Clare Loughlin, a member of our GNCE class of 2018, received a Fulbright fellowship to teach English in Malaysia. She is writing about her experience at her awesomely titled blog, ClareAbouts.
This November we hosted Dr. Lori Gruen, Professor of Philosophy & Coordinator of Animal Studies at Wesleyan University, for her second Lambert Lecture for the Center. Gruen’s work lies at the intersection of ethical and political theory and practice, with a particular focus on issues that impact those often overlooked in traditional ethical investigations.
Titled "Empathy and Sanctuary: Reimagining our Relations with Other Animals", her compelling talk had the full room questioning how we do, could and should engage and relate with non-human animals. In addition to succinctly covering ethical theory, she gave an overview of some notable relation categories with case studies. Particularly enlightening was the topic of Government owned chimpanzees formerly used for lab research which are now protected, but some remain in the same caged facilities begging the question of what sanctuary could and should be.
Gruen is the author and editor of 11 books, Fellow of the Hastings Center for Bioethics, a Faculty Fellow at Tufts’ Cummings School of Veterinary Medicine’s Center for Animals and Public Policy and a member of the APA Committee for Public Philosophy. She also sits on a number of non-profit advisory boards and has become known as a bit of an archivist for chimpanzees in the US given her work documenting the history of The First 100 chimpanzees in research in the US, and the journey to sanctuary of the remaining chimpanzees in research labs, The Last 1000.
If you missed the compelling talk, do not despair, it can be accessed here.
Join us at the Goodwin-Niering Center for the Environment in giving a warm and hearty welcome to the incoming class of 2021! It was a competitive application process but these twelve amazing Sophomores are the selected scholars who officially start in the program this coming Spring 2019. Enjoy the pictures and a little about their environmental passion that they will pursue in the next two and a half years in the Center. Notice the variety of interests and majors which continues to make our Center interdisciplinary and engaging!
This summer, Associate Director Jennifer Pagach had the pleasure of visiting Maya Sutton-Smith ’18, at her place of employment and residence in Stowe, Vermont. Immediately after graduating, Maya started working and living at Sage Farm Goat Dairy in a tiny home on site. Also living on site are the two sisters who conceived and started the farm. Molly, a food writer and chef and Katie a wildlife biologist decided to team up in 2007 after Molly purchased the former sheep farm.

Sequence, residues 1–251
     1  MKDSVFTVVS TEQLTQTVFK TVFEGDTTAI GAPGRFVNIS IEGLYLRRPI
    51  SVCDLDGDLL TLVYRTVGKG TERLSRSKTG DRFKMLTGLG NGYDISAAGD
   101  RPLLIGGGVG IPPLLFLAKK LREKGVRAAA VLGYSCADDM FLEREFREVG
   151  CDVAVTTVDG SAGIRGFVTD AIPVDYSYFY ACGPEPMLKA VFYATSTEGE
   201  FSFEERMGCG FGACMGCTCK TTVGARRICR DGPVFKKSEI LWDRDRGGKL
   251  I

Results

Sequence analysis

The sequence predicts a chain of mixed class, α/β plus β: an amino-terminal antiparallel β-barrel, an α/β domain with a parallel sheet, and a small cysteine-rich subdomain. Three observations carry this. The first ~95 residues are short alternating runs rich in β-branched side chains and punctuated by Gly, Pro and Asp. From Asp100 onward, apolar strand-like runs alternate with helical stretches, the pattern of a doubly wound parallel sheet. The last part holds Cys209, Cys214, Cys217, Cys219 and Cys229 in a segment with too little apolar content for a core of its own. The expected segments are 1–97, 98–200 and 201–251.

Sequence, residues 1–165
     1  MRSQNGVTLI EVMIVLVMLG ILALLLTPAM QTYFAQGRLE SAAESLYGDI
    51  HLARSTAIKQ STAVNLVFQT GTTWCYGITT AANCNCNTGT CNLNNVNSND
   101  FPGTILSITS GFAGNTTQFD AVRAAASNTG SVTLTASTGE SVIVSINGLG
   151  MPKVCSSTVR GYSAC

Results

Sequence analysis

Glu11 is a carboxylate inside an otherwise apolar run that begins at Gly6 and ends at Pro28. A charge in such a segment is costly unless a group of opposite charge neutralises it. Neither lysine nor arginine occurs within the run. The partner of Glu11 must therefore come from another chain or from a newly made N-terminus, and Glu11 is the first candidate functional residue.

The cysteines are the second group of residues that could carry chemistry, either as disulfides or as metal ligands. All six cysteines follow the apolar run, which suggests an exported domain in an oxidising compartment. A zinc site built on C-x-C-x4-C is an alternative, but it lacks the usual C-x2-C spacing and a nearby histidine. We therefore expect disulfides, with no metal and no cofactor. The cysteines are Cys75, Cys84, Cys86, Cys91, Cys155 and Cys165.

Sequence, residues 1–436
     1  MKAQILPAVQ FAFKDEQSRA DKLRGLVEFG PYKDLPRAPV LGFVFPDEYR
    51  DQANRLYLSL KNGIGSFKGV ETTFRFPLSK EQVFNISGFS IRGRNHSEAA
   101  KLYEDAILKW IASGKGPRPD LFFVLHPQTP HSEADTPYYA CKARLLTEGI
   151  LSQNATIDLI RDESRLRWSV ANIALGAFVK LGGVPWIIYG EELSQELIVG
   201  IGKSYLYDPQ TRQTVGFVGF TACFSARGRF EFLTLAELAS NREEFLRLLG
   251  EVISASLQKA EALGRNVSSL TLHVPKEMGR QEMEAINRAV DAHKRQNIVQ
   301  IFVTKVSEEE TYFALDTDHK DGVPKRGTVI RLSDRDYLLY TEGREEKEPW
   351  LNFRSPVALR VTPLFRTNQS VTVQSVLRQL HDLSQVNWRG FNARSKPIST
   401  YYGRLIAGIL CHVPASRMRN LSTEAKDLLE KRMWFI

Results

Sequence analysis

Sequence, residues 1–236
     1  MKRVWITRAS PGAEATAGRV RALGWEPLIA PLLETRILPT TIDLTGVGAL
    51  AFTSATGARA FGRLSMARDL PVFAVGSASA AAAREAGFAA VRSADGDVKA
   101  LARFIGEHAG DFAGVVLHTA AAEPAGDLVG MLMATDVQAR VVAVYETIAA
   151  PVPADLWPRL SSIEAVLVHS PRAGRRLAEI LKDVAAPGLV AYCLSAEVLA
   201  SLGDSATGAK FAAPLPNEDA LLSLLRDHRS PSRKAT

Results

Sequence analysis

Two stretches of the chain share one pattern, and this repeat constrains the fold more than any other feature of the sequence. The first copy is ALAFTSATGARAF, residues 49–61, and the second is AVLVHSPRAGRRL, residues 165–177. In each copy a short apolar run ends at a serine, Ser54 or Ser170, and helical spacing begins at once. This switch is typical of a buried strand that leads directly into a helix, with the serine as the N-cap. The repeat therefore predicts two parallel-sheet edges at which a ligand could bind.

On Wednesday, April 25th, GNCE alum Charles Van Rees (Class of 2010) returned to campus to give a talk in the Biology Seminar. Charles has just completed his PhD in Ecology, Evolution, and Behavior at Tufts University. He has also just received a Fulbright grant to continue his work on bird conservation next year in Seville, Spain. Charles's dissertation research focuses on the Hawaiian gallinule (or `alae `ula), an endangered waterbird with very specific habitat preferences. The birds live in fragmented coastal wetland areas on the island of Oahu, areas that are threatened by coastal development and likely sea level rise. Charles's research uses a combination of methods--including banding and direct sighting, genetic sequencing, and GIS mapping--to try to understand the relationships among those seemingly isolated populations. One finding that he reported was the the birds seem to like to travel along freshwater pathways, such as canals and drainage ditches. Charles is also an advisory ecologist with a non-profit conservation group, Livable Hawaii Kai Hui.
At Connecticut College, the new Fran and Otto Walter Global Commons provides a great space for sharing research and talking shop. Nine of our seniors recently represented the GNCE at an all-Centers research session the most representation of any Center! They offered updates on projects ranging from urban forestry in New London Connecticut to the history of anti-nuclear activism at Rocky Flats, Colorado.
In February 2017, we brought in four guests for a symposium on Sustaining Pollinators - our first ever Lear-Conant Symposium. Our title, "Sustaining Pollinators," was a double entendre: we wanted to spend the day learning about how pollinators sustain us, but also what we can do to help sustain the pollinators that we depend on.
Alexandra Harmon-Threatt, an entomologist and ecologist at the University of Illinois, spoke about her research on prairie restoration, and how to design restoration projects that are maximally beneficial for pollinators. Rachael Winfree, a pollinator researcher at Rutgers University, shared some of her findings about pollinator diversity and what it means for agricultural crops. Sam Droege, who works with the US Geological Survey, described his experience trying to set up a native bee inventory and monitoring program. Droege is also an incredible photographer, and we enjoyed some exquisite images of bees. Finally, Simon Potts, Director of the Centre for Agri-Environmental Research at the University of Reading, UK, brought an international perspective on pollinator conservation strategies. Potts was a contributor to a major recent report on pollinators by the Intergovernmental Science Policy Platform on Biodiversity and Ecosystem Services (IPBES). It was an intense day, capped off by a panel discussion and a banquet. Thanks to our fabulous guests, as well as support from friends on campus and beyond, the symposium was a wonderful success. We especially appreciate having so many guests from New London and Southeastern Connecticut.
Left to right: Alexandra Harmon-Threatt, Simon Potts, Sam Droege, Center Director Jane Dawson, Associate Director Derek Turner, Rachael Winfree